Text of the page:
Now that it’s time to do lists of the year, like the folks at Rough Trade already know, I’ll reserve a special spot in the live section for Vivian Girls. After a second album that, at first listening, seemed less graceful than the first, Dum Dum Girls and Best Coast seemed to have taken over space from them in the league of girly garage. But their performance at Razzmatazz 3 (Barcelona) last July changed my perspective on the band, which was simply fantastic: dense and intense, crude, yet delicate. If we look at their parallel projects, it seems more or less clear that Cassie Ramone (The Babies) provides the crudity, while Katy Goodman ( La Sera) prefers delicacy. There is already a release date for the debut album from La Sera: February 15th, on Hardly Art. If you’re not sure whether to pre-order, here you have the video clip of “Never Come Around”, with Katy Goodman mutated into a beautiful psychokiller.
Women vs. Women
The mitosis of Vivian Girls is friendly (Cassie Ramone did the cover for La Sera), as well as temporary. Women looks worse, having come to blows in a bar in Victoria, the Lucky Bar. How ironic! The Flegels were lucky to get out alive. A witness told Exclaim: “Pat started throwing punches at his brother [Matthew Flegel] during their set-up and soundcheck. Full on 'break it up' brawl between the brothers.” After that, Chris Reimer (guitarist and vocalist) announced that it would be their “last show as a band.” And it’s true that their announced concerts have been dropped from listings.
In another beef between (blood) bros, Ray and Dave Davies, of the Kinks, are still pissed off like only they can be: they haven’t seen each other for three years; they only talk by e-mail, and only about cash. But for now they won’t be making money from a big reunion. Not while Dave keeps referring to Ray in terms like those he used in an interview for the Daily Mail: “You’ve heard of vampires. Well, Ray sucks me dry of ideas, emotions and creativity. It’s toxic for me to be with him. He’s a control freak.” This is the juiciest interview of the season, along with the one Mark E. Smith gave to the Australian magazine Brag, in which he complains of playing at festivals with bands made up of “ass-lickers,” and he defines Mumford & Sons as “a load of retarded Irish folk singers.” The beef is on.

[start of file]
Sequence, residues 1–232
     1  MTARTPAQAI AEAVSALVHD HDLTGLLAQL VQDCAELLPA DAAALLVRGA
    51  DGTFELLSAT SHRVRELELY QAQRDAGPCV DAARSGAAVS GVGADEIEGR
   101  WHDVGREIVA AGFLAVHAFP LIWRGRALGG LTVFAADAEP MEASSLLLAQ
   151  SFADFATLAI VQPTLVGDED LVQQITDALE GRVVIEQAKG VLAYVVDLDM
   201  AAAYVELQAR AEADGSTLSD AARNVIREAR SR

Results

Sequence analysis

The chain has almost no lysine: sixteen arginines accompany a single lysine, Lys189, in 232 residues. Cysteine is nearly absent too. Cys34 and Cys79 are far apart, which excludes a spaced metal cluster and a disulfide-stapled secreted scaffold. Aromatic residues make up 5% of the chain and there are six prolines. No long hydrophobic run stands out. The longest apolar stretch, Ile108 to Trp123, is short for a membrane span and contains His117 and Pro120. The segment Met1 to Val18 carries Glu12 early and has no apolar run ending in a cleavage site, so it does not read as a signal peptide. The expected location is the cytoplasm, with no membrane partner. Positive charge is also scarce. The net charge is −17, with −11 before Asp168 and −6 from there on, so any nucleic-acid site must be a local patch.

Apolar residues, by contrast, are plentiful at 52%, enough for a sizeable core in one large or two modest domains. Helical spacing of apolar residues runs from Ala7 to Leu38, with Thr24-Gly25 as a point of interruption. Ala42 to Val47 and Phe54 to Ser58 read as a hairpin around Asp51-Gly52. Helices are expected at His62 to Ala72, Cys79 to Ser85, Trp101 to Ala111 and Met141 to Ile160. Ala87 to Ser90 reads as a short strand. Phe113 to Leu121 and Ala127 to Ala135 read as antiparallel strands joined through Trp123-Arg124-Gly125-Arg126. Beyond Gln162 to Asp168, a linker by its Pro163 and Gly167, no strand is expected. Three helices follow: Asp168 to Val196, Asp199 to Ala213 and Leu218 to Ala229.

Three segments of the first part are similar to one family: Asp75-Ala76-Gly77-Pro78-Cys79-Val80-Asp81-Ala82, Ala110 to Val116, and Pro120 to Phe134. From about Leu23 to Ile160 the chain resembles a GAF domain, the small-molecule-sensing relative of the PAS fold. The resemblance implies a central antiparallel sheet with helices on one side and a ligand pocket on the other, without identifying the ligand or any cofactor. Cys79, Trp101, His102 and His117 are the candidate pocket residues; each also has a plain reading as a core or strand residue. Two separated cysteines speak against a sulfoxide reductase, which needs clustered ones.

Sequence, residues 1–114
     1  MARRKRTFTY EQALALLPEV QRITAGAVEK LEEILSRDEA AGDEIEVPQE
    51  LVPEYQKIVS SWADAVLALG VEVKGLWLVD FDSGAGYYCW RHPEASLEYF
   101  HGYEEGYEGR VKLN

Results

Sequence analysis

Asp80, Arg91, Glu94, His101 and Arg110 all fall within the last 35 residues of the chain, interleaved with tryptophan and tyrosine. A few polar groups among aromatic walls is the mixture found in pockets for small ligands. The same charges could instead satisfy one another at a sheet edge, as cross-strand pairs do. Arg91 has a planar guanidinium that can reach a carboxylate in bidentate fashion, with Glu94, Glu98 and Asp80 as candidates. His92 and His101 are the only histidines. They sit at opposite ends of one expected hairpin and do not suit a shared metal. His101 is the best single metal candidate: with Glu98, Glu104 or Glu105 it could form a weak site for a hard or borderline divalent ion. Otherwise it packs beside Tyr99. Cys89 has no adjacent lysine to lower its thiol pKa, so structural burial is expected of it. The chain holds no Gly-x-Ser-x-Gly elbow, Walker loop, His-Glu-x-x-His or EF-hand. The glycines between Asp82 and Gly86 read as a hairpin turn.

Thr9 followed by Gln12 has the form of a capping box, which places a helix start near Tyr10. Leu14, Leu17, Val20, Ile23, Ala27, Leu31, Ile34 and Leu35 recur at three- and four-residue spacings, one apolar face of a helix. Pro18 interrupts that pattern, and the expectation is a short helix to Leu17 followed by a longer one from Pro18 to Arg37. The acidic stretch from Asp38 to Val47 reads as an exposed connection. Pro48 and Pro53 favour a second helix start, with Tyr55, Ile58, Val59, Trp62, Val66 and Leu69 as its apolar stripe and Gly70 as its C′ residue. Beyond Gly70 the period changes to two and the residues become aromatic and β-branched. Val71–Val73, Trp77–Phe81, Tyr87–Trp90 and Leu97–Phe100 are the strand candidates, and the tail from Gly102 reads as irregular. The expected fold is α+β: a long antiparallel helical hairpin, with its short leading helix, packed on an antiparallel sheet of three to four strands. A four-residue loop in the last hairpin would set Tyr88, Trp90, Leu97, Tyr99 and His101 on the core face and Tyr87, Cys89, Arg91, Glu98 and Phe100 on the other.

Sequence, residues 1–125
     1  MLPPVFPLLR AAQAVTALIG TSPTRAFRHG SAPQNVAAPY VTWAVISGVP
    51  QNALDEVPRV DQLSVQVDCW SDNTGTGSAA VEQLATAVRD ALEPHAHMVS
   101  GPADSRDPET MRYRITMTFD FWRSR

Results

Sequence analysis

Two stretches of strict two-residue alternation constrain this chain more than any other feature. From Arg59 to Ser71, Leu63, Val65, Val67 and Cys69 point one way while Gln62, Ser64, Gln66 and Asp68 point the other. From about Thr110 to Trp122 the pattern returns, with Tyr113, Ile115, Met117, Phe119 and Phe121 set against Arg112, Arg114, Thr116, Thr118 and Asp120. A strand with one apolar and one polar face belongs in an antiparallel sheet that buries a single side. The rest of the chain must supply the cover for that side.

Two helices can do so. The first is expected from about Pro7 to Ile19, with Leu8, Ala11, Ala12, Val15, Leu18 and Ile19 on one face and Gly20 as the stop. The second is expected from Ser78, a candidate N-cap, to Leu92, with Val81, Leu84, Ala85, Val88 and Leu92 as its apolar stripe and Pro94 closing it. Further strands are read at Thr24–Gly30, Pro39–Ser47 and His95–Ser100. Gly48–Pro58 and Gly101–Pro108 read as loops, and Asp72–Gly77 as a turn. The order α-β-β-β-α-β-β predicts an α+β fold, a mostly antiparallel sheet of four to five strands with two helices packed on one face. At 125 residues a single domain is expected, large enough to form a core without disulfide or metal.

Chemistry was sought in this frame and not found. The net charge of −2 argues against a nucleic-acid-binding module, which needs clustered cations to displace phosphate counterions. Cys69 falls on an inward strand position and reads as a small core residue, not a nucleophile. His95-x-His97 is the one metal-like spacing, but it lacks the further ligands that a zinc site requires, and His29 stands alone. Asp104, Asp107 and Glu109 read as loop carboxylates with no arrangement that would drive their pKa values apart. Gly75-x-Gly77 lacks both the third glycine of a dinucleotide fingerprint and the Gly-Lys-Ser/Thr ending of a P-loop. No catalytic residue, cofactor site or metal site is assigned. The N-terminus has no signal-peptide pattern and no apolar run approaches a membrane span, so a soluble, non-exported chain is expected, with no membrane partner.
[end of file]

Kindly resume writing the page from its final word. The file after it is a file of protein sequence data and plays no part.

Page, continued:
Sweden, 12 pointsIn time to be included in lists of the year, Robyn’s final instalment of “Body Talk” (an album with extracts from the first two parts) has just hit the music blogosphere. This is all well and good, but this artist shouldn’t (I repeat myself) remain virtually underground, but rather she should be the one turning Lady Gaga green with envy. We hope that at least they will hire her to write the future hits of the girls from Girls Aloud –Cheryl Cole can get by on her own, but Nadine Coyle really needs help: her solo album was so mediocre!—not to say all of the mainstream pop in the world, in general. Other reasons to think of moving to Stockholm for a while: the jj b-side, with a sample of “Intro” by The xx ( “I’m the One/ Money on My Mind”), the EP in the key of dub from The Radio Dept. ( “Never Follow Suit”) and, at last but not least, “Honey Mine”, the single released by Korallreven with Victoria Bergsman (formerly a member of The Concretes). A summery massage for days of New Year’s Eve parties and mistletoe.
Those who have minimally followed this section will know that my devotion to Robyn is comparable to my devotion to Ra Ra Riot, a group that has strangely remained under the radar in spite of their infinite number of good qualities, perhaps because P4K concluded one day –read his review of the enormous “The Orchard” (2010)– that they aren’t that really all that cool, either. To remind us just how cool they are, we have the remix that Peter Silberman, leader of The Antlers, has done not of just one song on the album, but all of them. This is how Silberman explains it: “In doing this remix for Ra Ra Riot, I wanted to attempt something different than the remixes I've done in the past and the massive amounts of them I've encountered recently. My approach was to try something I expected to fail - to remix the entire record into one track, but to avoid a medley. I pulled extremely short samples from every song off their latest “The Orchard” (before listening to the record) and built something new.” The experiment of extracting and building worked perfectly… Christmas is already here.